Global Geopolitics & Political Economy / IPS
By Nastasya Tay
MAPUTO, Dec 1, 2010 (IPS) – Baptista Macule is sitting on a sack of groundnuts in a dusty side-alley near the sprawling, makeshift Malanga market on the outskirts of Maputo. He squints into the sun as he tries to explain the extent of poverty in his country.
“People do not have enough food in their house,” he says. “There are not enough jobs, and even when people have jobs, the salaries are very low. Salaries have not increased, but prices have.”
Mozambique is one of the poorest countries in sub-Saharan Africa. Despite ample arable land and a coastline that offers opportunities for sea trade, more than half of its population goes hungry everyday.
In September, violent riots in townships and suburbs around the capital brought the Southern African country to the world’s attention, with at least 13 dead and hundreds injured. Three months on, scalds on the tarmac roads from burning tyres serve as a reminder of the discontent.
The demonstrations took place in some of the poorest peri-urban neighbourhoods. People went on strike because of the sky-rocketing price of bread, electricity and water – the basic goods they rely on.
But they were also chanting for justice and transparency and asking their government to fight corruption in its ranks.
The government responded with bullets and subsidies. After initial vehement refusals to institute price controls in the first days of the riots, it announced a subsidy for the price of wheat and that the price of water and electricity would not be increased.
In 2008, similar riots broke out around the capital about the rise in public transport costs.
To stop the public demonstrations, the government reversed the increase and capped the price of fuel. Fuel importers were forced to shoulder the burden of rising market prices – estimated now to be in the millions – which the government has yet to repay.
September’s wheat subsidy is due to expire in December 2010, but talks are underway in various forums to work out the next step. The subsidy is likely to be extended into 2011 but will it have the desired effect in the medium to long term?
About 70 percent of Mozambique’s 22 million people live outside urban areas. They live far from services and infrastructure and in extreme poverty.
The Third National Poverty Assessment, released in September 2010, showed that between 2003 and 2009, although substantial gains were made in health and education sectors, poverty levels remained unchanged despite impressive rates of economic growth – over six percent – during the last decade.
The improvements in access to education, health services and housing quality attest to positive long-run development trends but poverty, when measured in terms of food consumption, has remained at essentially the same level.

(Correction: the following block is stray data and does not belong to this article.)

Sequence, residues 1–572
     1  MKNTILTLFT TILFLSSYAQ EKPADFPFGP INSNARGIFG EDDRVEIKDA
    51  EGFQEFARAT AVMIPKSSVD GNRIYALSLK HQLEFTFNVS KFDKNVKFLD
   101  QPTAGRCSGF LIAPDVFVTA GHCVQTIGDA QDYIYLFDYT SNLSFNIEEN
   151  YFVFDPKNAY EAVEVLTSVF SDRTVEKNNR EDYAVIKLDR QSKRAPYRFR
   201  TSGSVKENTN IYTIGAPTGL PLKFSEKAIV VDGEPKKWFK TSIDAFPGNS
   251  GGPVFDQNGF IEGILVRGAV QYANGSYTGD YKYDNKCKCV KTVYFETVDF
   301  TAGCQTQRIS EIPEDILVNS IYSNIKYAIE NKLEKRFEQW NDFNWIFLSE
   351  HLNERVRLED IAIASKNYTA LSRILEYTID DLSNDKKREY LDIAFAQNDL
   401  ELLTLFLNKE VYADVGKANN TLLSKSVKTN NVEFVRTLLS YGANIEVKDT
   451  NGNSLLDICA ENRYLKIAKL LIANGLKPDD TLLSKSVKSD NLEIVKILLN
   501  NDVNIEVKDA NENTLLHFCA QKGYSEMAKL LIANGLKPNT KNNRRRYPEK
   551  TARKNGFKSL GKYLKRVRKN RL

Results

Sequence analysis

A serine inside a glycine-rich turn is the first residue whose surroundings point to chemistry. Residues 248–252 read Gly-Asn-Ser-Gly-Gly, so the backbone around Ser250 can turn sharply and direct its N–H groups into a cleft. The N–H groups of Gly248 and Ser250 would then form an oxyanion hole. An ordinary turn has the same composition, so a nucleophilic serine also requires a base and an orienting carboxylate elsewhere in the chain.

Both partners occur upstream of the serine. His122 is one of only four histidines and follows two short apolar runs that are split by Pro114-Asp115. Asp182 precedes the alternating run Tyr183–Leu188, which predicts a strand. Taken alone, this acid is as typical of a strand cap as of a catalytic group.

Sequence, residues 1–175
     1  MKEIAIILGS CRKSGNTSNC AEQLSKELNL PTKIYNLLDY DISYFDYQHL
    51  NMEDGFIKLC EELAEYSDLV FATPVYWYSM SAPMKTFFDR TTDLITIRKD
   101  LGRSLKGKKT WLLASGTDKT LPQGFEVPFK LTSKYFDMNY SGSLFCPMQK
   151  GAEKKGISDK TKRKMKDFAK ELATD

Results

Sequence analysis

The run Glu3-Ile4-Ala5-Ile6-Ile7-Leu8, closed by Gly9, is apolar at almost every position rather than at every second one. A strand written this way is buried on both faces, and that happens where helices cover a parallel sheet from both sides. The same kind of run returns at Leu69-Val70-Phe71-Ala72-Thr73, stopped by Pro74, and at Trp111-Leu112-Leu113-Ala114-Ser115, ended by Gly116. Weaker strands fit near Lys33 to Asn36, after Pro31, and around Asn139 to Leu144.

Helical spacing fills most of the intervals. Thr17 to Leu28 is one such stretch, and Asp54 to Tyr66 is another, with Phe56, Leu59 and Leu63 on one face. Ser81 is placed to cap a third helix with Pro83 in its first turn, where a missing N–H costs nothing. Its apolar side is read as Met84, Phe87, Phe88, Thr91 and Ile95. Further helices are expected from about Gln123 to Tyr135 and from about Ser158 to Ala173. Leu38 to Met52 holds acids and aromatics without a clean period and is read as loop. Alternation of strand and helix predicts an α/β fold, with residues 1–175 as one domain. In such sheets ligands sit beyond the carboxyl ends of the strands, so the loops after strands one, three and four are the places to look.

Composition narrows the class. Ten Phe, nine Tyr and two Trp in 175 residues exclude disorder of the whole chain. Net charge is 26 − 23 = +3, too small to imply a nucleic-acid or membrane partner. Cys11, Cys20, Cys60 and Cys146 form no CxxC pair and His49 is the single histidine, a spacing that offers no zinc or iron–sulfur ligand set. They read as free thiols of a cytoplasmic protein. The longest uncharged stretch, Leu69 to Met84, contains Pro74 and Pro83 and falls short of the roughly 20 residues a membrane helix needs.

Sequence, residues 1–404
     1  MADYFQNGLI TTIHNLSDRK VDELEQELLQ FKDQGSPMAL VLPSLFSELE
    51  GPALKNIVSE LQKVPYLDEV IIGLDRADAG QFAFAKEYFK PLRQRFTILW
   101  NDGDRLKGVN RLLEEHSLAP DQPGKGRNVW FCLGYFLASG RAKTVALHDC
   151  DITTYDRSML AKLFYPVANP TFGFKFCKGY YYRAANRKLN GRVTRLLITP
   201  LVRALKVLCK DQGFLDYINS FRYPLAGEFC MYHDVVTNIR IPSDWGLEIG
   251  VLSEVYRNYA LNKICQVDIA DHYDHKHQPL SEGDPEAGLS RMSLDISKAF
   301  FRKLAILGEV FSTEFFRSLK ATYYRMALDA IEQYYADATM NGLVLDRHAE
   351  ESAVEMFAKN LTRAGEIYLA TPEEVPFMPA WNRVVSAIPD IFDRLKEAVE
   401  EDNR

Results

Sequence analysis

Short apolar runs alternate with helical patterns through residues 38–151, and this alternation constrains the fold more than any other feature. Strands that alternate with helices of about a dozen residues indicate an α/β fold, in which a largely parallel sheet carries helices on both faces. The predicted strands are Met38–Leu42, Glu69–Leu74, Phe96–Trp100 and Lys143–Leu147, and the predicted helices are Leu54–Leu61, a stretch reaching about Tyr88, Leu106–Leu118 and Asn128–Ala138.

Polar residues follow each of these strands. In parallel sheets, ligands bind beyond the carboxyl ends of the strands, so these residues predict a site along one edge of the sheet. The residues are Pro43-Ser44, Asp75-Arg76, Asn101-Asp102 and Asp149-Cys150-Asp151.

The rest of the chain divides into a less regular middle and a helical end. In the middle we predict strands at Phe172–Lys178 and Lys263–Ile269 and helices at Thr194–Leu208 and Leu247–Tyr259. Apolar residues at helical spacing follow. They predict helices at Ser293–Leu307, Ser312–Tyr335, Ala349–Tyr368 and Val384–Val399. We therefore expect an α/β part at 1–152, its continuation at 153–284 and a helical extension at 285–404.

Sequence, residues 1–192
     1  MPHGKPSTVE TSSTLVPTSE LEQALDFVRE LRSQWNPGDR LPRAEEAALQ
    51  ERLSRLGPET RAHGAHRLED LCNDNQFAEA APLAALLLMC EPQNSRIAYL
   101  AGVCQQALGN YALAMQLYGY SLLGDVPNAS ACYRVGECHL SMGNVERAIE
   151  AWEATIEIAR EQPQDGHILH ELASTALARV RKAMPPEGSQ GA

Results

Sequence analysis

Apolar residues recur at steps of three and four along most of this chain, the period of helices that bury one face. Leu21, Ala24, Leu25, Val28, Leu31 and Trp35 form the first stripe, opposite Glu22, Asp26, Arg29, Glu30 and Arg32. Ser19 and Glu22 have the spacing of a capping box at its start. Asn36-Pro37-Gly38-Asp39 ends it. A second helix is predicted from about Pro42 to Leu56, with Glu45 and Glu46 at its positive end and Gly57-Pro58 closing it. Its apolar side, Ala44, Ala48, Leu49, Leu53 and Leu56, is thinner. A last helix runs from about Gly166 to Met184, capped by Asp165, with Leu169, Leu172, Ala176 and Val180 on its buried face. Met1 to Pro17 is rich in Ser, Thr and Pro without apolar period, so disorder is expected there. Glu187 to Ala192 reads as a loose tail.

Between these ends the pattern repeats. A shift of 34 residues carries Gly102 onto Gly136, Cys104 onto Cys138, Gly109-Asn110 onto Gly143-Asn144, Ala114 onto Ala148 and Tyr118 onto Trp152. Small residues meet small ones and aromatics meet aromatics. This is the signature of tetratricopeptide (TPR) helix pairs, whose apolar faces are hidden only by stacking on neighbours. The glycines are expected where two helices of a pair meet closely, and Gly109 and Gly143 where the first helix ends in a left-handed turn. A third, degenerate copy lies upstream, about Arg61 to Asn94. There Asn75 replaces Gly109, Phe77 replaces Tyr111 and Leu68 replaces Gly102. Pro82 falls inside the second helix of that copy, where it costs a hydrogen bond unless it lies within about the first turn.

Nearly 55 percent of Mozambicans eat less than the amount of calories a day required to sustain an adult. When food prices go up further, even more people go hungry.
More than half of Mozambicans live on about 18 meticals (around 0.50 dollars) a day, says Lisa Kurbiel, senior social policy specialist at UNICEF’s Maputo office. And the new September subsidies will not necessarily help them.
Currently, 0.25 percent of the country’s budget is allocated for the wheat subsidy, and 1.5 percent for subsidising fuel. But most of those living in rural areas neither eat bread nor drive cars.
“You have to ask, are these measures pro-poor? Are they progessive?” asks Kurbiel. “And the risk is, how do you ever scale them down?”
Kurbiel feels the money could be reallocated to tackle the root problems of poverty, focussing on social protection, employment generation, and encouraging best practice in sectors such as agriculture.
Victor Lledo, country representative for the International Monetary Fund, says the fact that growth rates have not translated into poverty reduction must be approached in a nuanced way.
“Between 1996 and 2002 we saw a significant decline, from 69 percent to 54 percent in absolute poverty,” he says. But since then not much has changed.
In large part, this is because the increase in productivity in subsistence agriculture – how most of the poor survive – has levelled off, says Lledo.
The government is looking at the adoption of technological improvements, investing in infrastructure, and increasing access to finance to address the problem.
Prices have also risen dramatically because of the rapidly devaluing local currency, the Metical. “The riots came on the back of rising inflation and living costs,” says Lledo.
The surge in inflation is related to the depreciating exchange rate, Lledo explains. The significant volume of imports into the country means food prices increase, which in turn, feeds inflation, as food has a heavy weighting in Mozambique’s Consumer Price Index (CPI).
The IMF has advised the Mozambican government on several initiatives, says Lledo, including coordinating adjustments in fiscal and monetary policies and increasing commercial bank reserves to contract the monetary base and fight inflation.
According to Lledo, the finance ministry has adopted measures in the 2011 budget to increase fiscal savings, although these will not jeopardise spending in priority sectors, including health, education, agriculture and infrastructure development.
“The government sees the recent riots as a clear indication of the need to relaunch and rethink its strategy to combat poverty,” says Lledo.
The government will release a new Poverty Reduction Strategy Paper in early 2011, incorporating its five-year plan. But will a new plan translate from paper to reality?
Macule says he does not know whether there will be more riots. He sells shoes in the market and is far better off than those inciting strike action. But he still struggles to feed his family.
All rights reserved, IPS – Inter Press Service, 2010.
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